The guideline development group (GDG) comprised 4 core members, all of whom were physical therapists with clinical experience in treating individuals with acute and chronic CNS injury. The administrative chair (T.G.H.) and research content expert (D.S.R.) were both faculty members within physical therapy/physical medicine and rehabilitation departments in R1 (high research activity) university systems. Both individuals possessed research experience in applied and clinical studies to evaluate changes in locomotor function in individuals with neurological injury. The clinical content expert (P.L.S.) was a clinician, administrator, and educator within inpatient, home health, and outpatient settings, and is currently a corporate clinical leader overseeing implementation strategies across a moderately sized (>200 sites) post–acute therapy provider. The CPG methodologist (I.G.W.) was a clinical practice leader at her local hospital system and is currently a research coordinator for center projects for individuals with TBI. The GDG proposed the topic to the APTA and the ANPT and selected members attended the APTA Workshop on Development of Clinical Practice Guidelines in 2014. The GDG held 5 to 6 separate conference calls to discuss the potential scope of the CPG and submitted the formal CPG proposal to the APTA Practice Committee in March 2015. Following proposal acceptance in July 2015, 2 additional physical therapists (A.M. and D.H.) were included to the GDG to assist with data extraction and database management. Two medical librarians also contributed to this project; 1 librarian completed all the literature searches to ensure consistency, while the other assisted with locating full-text articles.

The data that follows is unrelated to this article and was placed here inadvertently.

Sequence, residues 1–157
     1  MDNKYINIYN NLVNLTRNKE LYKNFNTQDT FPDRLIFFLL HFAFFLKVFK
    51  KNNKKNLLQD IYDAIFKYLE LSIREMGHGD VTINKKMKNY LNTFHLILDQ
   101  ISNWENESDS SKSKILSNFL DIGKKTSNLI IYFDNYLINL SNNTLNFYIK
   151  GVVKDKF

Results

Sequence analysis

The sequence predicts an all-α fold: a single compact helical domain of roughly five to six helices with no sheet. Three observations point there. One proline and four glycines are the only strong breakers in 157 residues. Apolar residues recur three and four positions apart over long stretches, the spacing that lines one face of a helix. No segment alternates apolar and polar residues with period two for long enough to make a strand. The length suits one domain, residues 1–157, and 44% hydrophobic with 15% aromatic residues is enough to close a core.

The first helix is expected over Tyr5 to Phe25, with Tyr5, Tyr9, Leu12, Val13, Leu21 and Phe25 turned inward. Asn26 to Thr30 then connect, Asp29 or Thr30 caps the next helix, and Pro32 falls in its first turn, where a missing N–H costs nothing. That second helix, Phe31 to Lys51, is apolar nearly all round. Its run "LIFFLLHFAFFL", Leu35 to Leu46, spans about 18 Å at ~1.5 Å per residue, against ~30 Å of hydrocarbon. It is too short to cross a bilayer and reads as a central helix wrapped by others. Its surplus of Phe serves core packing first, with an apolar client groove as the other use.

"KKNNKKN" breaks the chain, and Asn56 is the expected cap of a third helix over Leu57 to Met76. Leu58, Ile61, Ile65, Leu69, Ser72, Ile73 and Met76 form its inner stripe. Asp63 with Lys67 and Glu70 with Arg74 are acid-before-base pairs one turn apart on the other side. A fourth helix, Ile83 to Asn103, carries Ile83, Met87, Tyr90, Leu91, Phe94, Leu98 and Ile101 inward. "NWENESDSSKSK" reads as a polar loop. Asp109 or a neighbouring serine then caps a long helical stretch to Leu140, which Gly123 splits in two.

Literature Search

A 2-step process for performing literature searches was adopted. A broad search was first conducted to ensure that all CPGs and systematic reviews that addressed changes in locomotor function using exercise or physical interventions for people with stroke, iSCI, and TBI were identified and reviewed for their content. In addition, the National Guidelines Clearinghouse, Guidelines International Network, and standard electronic databases (ie, PubMed, MEDLINE, CINAHL, CENTRAL) were searched to ensure that a CPG does not currently exist on this topic, and that sufficient information was available to generate a CPG. Furthermore, the GDG wished to refine the scope of the CPG by clearly identifying PICO questions (patient, intervention, control/comparison, and outcomes as detailed previously in the “Introduction” section) and relevant conceptual definitions for the proposed CPG. Secondary literature searches were conducted using more specific inclusion and exclusion criteria in prespecified databases, with a goal to obtain all RCTs published between January 1995 and December 2016. Systematic reviews relevant to interventions that may improve walking function in individuals with chronic stroke, iSCI, and TBI also served as a resource for studies. Articles were searched using key terms from each of the following categories: health condition AND intervention AND outcome. Selected interventions were searched separately (see Table 3), and specific search terms varied for each intervention to be potentially incorporated. An example of the terms utilized for the first literature search for strength or resistance training exercise is detailed in Table 3 and was initially performed in December 2015 and later in June 2017 to ensure inclusion of all articles through December 2016.